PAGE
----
It’s all about driver choice

It’s important to note that data privacy is of paramount importance not only for public transport passengers, but also for the agencies and technology providers that handle data. In most cases, agencies strive to provide a safe and smooth payment process for all transit users. For example, Cubic fare systems are designed to be used fairly to meet the needs of all public transit passengers, including those without a smartphone or bank account.

Perhaps most importantly, passengers will have the option to pay for their public transport journeys the way they prefer, including via contactless credit cards, mobile phones with an app – or a new smart card that can be topped up with cash in retail stores. This gives them more control over what anonymized data is actually collected and how they choose to pay for their ride.

Where traffic will take us in the future

data analysis is a growing transit area. If you know your passengers will be taking the #12 bus at 8:00 am and that road is under construction, you can proactively offer alternate routes to avoid disruption. Of course, this can only be done if you have the necessary data to make recommendations and are reasonably confident that the information will be useful to the customer.


Some agencies will also begin to reward passenger behavior for off-peak driving (e.g. discounted fares). The more providers can flatten peak usage times, the more they can make savings and provide drivers with a better experience. Customers may not even realize that these types of incentives are already happening, but they are driven by background service consumption data, much like a Netflix account can offer recommendations.

In my view, using aggregated data during transmission greatly improves the overall product or service. Such data leads to actionable results. While the benefits are often subtle and not seen by the end user for some time, it is clear that such features and products can influence user actions – and vice versa.

There is a synergy between transit data and stronger, more efficient and more sustainable transport systems for our common future.

Paul Monk is Senior Product Director of Mobile at Cubic transport systems.

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Two more dead as patients report horrifying details of eye drop outbreak




Young man applying eye drops.

Two more people have died and more details are emerging about horrific eye infections a nationwide outbreak To remembered eye drops from EzriCare and Delsam.

The death toll is now three an outbreak update this week from the Centers for Disease Control and Prevention. A total of 68 people in 16 states have contracted a rare, largely drug-resistant drug Pseudomonas aeruginosa Exposure related to the eye drops. In addition to the deaths, eight people have reported vision loss and four have had their eyeballs surgically removed (enucleation).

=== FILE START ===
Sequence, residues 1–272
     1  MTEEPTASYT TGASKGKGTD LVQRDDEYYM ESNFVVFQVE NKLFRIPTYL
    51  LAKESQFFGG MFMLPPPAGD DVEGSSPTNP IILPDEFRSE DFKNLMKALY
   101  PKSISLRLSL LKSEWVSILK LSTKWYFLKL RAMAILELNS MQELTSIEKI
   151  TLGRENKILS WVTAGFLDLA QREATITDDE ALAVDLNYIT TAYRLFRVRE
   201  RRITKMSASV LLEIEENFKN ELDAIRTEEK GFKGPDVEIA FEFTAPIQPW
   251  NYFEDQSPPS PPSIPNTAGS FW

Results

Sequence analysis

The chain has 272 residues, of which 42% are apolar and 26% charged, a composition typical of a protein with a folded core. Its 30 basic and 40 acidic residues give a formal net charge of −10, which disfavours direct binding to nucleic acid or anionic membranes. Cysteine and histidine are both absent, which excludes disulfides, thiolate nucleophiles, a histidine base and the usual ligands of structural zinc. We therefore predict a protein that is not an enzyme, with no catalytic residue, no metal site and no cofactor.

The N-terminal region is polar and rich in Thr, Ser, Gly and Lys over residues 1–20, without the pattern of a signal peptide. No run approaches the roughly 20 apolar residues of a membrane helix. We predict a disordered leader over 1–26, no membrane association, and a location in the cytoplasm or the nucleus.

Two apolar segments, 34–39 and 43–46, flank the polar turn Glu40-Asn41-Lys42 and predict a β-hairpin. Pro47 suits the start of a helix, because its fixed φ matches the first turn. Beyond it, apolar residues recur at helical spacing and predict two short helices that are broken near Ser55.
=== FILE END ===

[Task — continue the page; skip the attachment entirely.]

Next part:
In a case report Published this week in JAMA Ophthalmology, ophthalmologists at the Bascom Palmer Eye Institute, part of the University of Miami Health System, reported details of a case related to the outbreak — a case in a 72-year-old man suffering from an ongoing infection in his right eye with vision loss, despite weeks of treatment with multiple antibiotics. When the man was first treated, he reported pain in his right eye, which could only see movement at that point, while his left eye had 20/20 vision. Doctors found that the whites of his right eye were completely red and white blood cells had visibly pooled on his cornea and in the anterior inner chamber of his eye.

The man’s eye tested positive for a P. aeruginosa strain resistant to several antibiotics – as was the bottle of EzriCare artificial tear drops he had been using. After further testing, doctors adjusted the man’s treatment schedule to hourly doses of antibiotics, to which the bacterial strain was least resistant. At a follow-up examination after one month, the redness and ocular infiltrates in the man’s eye had improved. But to this day, the infection persists, doctors reported, as does his vision loss. (Graphic images of his right eye at initial presentation and at one month’s follow-up are available Here.)

Growing outbreak

The CDC identified the outbreak strain as VIM-GES-CRPA, which stands for carbapenem-resistant P. aeruginosa (CRPA) with Verona integrin-mediated metallo-β-lactamase (VIM) and Guiana extended-spectrum β-lactamase (GES). This is a largely drug-resistant strain that had never been seen in the US before the outbreak. CDC officials worry the outbreak will cause these types of infections to become more common because the bacteria can colonize asymptomatically in people, spread to others, and share their resistance genes.